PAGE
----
Reports from Estado de la Nacion, and on human development from the UNDP (UN Development Program) show such neo-liberal policies do result in the growing impoverishment of women.
Voices of women from the feminist and women's movements have expressed these views especially on FIRE (the Feminist International Radio Endeavour), the first worldwide women's internet radio station. The Consejo de Mujeres de los 12 Puntos back in March 2004 was already warning that:
"When health, education, water, energy, communications and other services that cover basic human needs are privatized, the consequences on the population with fewer financial resources go well beyond a detriment to the quality of their lives. For women, it means that they will have to compensate with additional personal efforts, more work hours, and also [by] taking responsibility for that which was previously supplied by the government for their families, such as health and education. When the market dictates policy, and does away with the principle of solidarity, each family is left to get by through their own means.”
The Consejo de Mujeres report also noted that the burden then falls most heavily upon women, who shoulder the responsibility to make ends meet with dwindling financial resources, and have to work much harder to keep both family and their communities afloat.
The CAFTA treaty will inevitably deepen, and take advantage of two conditions: one - in general, women face greater disadvantages compared with that of men, due to the current gender division of work; and two - Costa Rica obviously faces much greater disadvantages when compared with the USA, due to the existing international divisions of work and commerce it has established. For women, the CAFTA treaty goes far beyond a simple exchange of merchandises and goods. In fact, it intervenes into key areas such as national self-determination, and the safety and security of basic life conditions for all Costa Ricans. Supposedly, women will benefit from this change in the development model when in the name of efficiency, key services get transferred to the private sector.
You might not hear about these potential changes in the tourist brochures, but look closely for these signs of the times elsewhere. Or, come to Costa Rica with open eyes. Not just with eyes searching for beautiful species to see and observe, which you will find - but also with eyes that see beauty in those who seek to resist dirty war and who resist betraying the beauty of peace.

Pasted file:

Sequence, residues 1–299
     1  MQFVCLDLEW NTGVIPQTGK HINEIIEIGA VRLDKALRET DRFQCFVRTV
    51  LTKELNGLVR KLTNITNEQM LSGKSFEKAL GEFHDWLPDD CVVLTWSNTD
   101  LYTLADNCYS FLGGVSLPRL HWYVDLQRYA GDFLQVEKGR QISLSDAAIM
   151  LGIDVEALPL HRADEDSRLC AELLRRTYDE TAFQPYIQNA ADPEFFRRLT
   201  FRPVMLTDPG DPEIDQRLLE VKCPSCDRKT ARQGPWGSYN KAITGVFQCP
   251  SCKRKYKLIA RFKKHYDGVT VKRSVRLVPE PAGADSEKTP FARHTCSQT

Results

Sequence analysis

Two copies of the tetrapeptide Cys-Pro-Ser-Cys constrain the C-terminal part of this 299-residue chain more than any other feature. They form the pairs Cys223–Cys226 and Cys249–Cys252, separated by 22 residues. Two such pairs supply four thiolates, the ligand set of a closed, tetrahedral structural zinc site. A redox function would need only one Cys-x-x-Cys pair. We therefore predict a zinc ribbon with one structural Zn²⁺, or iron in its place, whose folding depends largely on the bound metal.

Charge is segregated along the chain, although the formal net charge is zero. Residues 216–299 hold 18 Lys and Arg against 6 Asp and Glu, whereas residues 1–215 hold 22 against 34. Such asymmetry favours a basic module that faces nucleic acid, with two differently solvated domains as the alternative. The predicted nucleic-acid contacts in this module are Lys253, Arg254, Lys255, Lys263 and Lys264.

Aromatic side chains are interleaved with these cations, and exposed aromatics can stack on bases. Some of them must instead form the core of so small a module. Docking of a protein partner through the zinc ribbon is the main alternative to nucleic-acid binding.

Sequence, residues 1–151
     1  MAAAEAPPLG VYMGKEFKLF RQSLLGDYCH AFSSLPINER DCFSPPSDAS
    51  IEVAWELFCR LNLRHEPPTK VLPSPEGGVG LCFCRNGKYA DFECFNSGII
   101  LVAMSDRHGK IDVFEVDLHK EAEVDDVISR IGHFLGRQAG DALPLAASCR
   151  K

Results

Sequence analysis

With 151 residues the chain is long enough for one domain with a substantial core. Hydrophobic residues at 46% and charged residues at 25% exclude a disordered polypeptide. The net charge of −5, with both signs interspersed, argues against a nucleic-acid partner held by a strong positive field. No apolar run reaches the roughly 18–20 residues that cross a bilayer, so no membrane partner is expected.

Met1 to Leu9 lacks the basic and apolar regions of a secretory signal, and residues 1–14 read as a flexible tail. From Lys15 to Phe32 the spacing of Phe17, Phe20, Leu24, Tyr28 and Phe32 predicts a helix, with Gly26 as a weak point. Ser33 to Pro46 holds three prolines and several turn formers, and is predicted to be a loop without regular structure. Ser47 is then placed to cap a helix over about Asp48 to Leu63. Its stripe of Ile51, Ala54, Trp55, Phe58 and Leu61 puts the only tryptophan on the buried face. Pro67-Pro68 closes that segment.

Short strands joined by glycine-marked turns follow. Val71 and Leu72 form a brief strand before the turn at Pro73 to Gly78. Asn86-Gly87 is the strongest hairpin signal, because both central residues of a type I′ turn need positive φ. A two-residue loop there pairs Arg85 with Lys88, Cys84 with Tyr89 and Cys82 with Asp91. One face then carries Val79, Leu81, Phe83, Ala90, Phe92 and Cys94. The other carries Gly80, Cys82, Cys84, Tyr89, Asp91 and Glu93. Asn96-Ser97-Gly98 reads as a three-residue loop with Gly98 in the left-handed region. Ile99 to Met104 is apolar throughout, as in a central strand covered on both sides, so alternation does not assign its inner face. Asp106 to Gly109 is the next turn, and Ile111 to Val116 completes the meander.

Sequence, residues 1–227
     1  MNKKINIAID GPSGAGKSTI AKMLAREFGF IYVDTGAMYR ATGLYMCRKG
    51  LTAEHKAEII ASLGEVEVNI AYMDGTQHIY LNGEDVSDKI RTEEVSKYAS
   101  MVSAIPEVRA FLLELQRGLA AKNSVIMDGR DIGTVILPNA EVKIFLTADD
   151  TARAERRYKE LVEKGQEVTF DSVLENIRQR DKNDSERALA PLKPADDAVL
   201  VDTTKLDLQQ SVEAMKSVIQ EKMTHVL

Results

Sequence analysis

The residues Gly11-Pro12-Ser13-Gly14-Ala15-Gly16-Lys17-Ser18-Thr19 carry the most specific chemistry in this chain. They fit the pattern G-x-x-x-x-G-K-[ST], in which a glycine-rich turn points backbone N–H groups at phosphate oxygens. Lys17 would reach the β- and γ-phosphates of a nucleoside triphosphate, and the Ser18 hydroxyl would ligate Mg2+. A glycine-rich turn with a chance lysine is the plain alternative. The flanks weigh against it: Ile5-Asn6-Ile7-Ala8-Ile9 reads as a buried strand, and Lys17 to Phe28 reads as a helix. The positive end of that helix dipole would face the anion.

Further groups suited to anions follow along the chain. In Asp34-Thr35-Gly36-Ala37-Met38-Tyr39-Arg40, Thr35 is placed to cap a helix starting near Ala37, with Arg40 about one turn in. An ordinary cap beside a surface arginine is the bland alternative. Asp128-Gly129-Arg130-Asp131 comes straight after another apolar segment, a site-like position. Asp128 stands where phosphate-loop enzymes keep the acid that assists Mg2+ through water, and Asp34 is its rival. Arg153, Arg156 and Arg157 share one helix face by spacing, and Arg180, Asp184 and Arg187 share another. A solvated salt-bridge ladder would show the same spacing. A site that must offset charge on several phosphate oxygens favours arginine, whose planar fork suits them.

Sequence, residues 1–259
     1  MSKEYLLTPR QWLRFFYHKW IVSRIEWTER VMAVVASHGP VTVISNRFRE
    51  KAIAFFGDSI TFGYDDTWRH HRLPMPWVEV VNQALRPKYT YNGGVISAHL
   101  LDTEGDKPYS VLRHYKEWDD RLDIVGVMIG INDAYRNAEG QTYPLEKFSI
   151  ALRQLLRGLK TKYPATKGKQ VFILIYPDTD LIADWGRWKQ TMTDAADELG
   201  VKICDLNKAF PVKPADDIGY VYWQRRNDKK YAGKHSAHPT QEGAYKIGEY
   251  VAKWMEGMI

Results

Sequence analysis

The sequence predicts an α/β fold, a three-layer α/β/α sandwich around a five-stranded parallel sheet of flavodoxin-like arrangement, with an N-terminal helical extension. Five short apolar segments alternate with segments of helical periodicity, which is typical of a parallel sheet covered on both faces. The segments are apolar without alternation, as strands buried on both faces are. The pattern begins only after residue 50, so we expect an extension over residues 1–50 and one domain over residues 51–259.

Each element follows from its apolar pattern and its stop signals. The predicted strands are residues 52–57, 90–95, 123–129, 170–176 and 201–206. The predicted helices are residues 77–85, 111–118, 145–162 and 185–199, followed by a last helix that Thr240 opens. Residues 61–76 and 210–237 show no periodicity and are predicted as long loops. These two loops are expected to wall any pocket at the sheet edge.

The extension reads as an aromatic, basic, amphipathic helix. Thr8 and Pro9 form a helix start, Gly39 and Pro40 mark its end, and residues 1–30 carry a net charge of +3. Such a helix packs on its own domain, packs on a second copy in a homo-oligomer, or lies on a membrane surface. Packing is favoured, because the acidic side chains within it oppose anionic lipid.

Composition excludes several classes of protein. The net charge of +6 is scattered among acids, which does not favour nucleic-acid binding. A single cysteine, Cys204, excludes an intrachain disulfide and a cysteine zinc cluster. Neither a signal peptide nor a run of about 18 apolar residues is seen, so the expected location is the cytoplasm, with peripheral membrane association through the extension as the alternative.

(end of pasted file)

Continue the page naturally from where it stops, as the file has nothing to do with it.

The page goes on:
About the Author
María Suárez Toro is a journalist, feminist and human rights activist in local, and international arenas through her work as co-director of FIRE (Feminist International Radio Endeavor), a position she has held since 1991. She has covered most UN conferences since 1992, in addition to numerous other local, national and international conferences and events. She worked as a human rights activist and literacy teacher at the grassroots level in El Salvador, Costa Rica, Nicaragua and Honduras in the 1970s and 1980s. María is the recipient of numerous awards for her work.
María holds a Ph D. in Education from the University of La Salle in Costa Rica, Licenciatura in Journalism from the Universidad Federada in Costa Rica, and a Masters Degree in Education from New York State University.
She was the Professor of Communications at the University of Denver from 1998-2002 as well as at the Institute for Further Education of Journalists (FOJO) in Sweden from 1995-2000.
Most recently, María has co-authored a groundbreaking book entitled, Se Vende Lindo Pais (Lovely Country for Sale), which focuses on a controversial plan by a U.S. oil company to drill for oil off the Atlantic Coast of Costa Rica, and the grassroots democratic movement organized to stop it. The book includes the voices of indigenous women and other Costa Rican and European expatriates living along the coast.